HOUSTON – In his first election since he was indicted and forced to step aside as majority leader, Rep. Tom DeLay held off three challengers to keep the Republican nomination to the U.S. House. Now he faces what many consider the real contest — a general election fight against an organized, well-funded Democrat with a score to settle.
Nick Lampson, who was unopposed in Tuesday's primary, represented a district adjacent to DeLay's for four terms until it was redrawn in a redistricting plan engineered by DeLay. Lampson lost in 2004 to Republican Ted Poe.
DeLay, 58, held on to his ballot position by avoiding public discussions of his considerable political problems — a felony money-laundering indictment, close ties to lobbyist Jack Abramoff and the loss of his leadership position.
Instead, DeLay campaigned at carefully orchestrated events, avoided direct interviews with reporters and largely focused on his hometown of Sugar Land. It paid off with a 2-to-1 victory margin over lawyer Tom Campbell, who had ties to the first President Bush's administration, and two other candidates.
"That was an effective strategy to get through the primary," said political scientist Cal Jillson of Southern Methodist University in Dallas. "But in the general election, he'll have to face Lampson and Steve Stockman, as well as the press, both local and national."
According to final but unofficial returns, DeLay scored 20,558 votes, or 62 percent, to Campbell's 9,937, or 30 percent.
Stockman, a former Republican congressman, is considering running as an independent.
"Democrat attacks and the politics of personal destruction were heavily used by my opponents in this Republican primary, and they were rejected just like they will be in November," DeLay said in a statement.
Lampson spent the primary campaign season raising money in the Houston-area district, building support in Washington and around the country from Democrats who saw the first chance in 22 years to unseat the embattled DeLay. Lampson raised $2 million, about what it cost DeLay to keep the nomination.
He told supporters that he was a man with "thick skin and hard hands" ready to take on DeLay.
"Tom DeLay gets headlines for all the wrong reasons," he said. "Well, I'm looking forward to that headline on Nov. 8 — No Further DeLay."
DeLay was indicted last year and is awaiting trial on charges that he illegally funneled corporate donations to GOP candidates for the Texas House in 2002. The Republicans won a majority in the Legislature that year, and then pushed through DeLay's congressional redistricting plan that sent more Republicans to Washington in 2004.
DeLay also has come under scrutiny over his ties to Abramoff, who pleaded guilty to fraud in January and is cooperating in an investigation of influence-peddling on Capitol Hill.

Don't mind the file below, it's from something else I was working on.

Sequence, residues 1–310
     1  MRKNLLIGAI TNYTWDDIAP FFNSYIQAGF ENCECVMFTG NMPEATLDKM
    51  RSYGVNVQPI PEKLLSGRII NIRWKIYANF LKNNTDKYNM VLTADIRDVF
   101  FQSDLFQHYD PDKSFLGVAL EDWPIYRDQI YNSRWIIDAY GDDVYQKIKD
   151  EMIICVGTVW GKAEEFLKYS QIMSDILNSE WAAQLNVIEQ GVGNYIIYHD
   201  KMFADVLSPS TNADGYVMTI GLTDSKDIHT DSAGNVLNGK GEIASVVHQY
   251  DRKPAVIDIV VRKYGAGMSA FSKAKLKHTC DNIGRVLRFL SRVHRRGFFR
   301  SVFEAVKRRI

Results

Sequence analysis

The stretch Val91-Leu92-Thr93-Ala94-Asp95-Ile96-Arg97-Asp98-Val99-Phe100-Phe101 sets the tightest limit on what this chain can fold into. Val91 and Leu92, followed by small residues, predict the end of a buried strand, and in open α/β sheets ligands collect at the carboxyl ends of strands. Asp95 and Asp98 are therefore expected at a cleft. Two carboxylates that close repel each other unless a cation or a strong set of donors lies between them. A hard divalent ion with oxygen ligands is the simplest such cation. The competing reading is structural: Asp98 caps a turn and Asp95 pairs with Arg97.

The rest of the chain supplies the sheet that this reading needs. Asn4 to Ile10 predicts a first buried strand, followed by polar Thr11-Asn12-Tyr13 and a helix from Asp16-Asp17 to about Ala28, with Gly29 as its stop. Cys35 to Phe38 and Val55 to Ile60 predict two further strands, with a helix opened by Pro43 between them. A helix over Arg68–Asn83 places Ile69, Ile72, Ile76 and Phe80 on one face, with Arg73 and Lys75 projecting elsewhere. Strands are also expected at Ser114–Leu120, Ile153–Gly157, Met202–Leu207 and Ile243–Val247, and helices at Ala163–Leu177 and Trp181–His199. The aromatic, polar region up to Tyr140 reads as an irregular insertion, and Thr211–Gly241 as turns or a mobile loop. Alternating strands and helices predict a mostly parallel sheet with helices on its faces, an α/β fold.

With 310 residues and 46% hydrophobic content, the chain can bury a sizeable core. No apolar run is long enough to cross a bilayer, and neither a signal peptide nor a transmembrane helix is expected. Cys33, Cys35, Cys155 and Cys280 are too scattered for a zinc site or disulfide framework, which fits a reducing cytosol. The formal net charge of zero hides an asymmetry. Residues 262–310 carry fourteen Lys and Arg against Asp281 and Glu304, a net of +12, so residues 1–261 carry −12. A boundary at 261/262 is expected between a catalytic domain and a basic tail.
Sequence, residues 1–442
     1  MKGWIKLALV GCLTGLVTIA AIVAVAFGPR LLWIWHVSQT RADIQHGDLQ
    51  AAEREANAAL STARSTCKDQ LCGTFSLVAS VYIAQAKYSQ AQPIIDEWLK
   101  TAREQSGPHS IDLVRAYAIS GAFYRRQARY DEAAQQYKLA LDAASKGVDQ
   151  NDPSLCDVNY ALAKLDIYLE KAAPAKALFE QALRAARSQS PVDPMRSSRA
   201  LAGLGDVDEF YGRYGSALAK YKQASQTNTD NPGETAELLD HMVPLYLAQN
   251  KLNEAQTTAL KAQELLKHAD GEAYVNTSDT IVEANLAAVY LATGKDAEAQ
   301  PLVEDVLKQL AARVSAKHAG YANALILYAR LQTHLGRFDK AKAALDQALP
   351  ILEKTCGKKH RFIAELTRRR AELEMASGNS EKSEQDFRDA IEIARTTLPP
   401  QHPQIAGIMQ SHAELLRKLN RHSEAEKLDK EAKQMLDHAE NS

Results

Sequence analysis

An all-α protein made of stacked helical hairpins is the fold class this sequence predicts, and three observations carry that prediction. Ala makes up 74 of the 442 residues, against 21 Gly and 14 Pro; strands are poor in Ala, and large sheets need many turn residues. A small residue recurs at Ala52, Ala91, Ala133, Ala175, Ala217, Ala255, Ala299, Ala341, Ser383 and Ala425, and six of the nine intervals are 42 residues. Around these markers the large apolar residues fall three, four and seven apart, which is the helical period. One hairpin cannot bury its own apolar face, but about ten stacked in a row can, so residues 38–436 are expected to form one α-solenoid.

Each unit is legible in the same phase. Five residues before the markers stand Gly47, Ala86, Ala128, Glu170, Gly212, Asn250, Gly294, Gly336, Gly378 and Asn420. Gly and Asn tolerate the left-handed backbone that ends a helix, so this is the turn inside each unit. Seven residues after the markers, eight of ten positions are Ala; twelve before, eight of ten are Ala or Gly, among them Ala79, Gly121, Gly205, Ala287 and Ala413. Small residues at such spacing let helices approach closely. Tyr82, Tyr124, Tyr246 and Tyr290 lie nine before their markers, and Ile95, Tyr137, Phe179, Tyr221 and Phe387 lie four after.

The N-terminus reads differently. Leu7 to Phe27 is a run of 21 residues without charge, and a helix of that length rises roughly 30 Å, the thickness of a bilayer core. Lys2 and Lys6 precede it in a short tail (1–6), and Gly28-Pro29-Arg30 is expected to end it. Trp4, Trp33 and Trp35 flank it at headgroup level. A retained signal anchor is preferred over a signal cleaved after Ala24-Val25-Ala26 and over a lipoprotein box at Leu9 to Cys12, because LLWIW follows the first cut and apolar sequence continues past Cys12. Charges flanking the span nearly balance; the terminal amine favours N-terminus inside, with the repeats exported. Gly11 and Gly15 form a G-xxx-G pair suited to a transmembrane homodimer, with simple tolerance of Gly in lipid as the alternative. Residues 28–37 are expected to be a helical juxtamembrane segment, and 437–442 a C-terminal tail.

A former Democratic congressman from Houston won the right to challenge Republican Gov. Rick Perry in a state where the GOP holds every statewide office.
Chris Bell prevailed over Bob Gammage, a former Texas Supreme Court justice who jumped into the race in December after a decade out of politics. Bell got 338,116 votes, about 64 percent, to Gammage's 151,971, or 29 percent.
Perry won his primary easily, collecting 601,348 votes, or 85 percent, against three little-known opponents.
Texas Comptroller Carole Keeton Strayhorn and musician Kinky Friedman are each seeking about 45,000 signatures from voters who do not vote in the primary to get onto the fall ballot.
In another congressional contest, freshman Rep. Henry Cuellar took the edge in a rematch with Democrat Ciro Rodriguez, who served seven years on Capitol Hill before losing to Cuellar in 2004.
With 99 percent of the precincts reporting, Cuellar had 53 percent of the ballots tallied. Rodriguez, who narrowly lost to Cuellar in the 2004 primary in the South Texas district, had 41 percent. Victor Morales had 2,534 votes, or 6 percent. Thousands of votes had yet to be counted in his home county.
Texas law mandates a runoff if no candidate gets 50 percent plus one. If necessary, the runoff would be held April 11.
Houston lawyer Barbara Radnofsky, a political newcomer, headed to a runoff against a perennial Democratic candidate Gene Kelly in a bid to challenge popular Republican U.S. Senate Kay Bailey Hutchison.
At least two veterans of the Iraq war are running for Congress from Texas. David T. Harris, a Democrat, is expected to take on Rep. Joe Barton in November, and Van Taylor, a Republican, won the nomination to go up against Democratic Rep. Chet Edwards in the Crawford-area district that includes President Bush's ranch.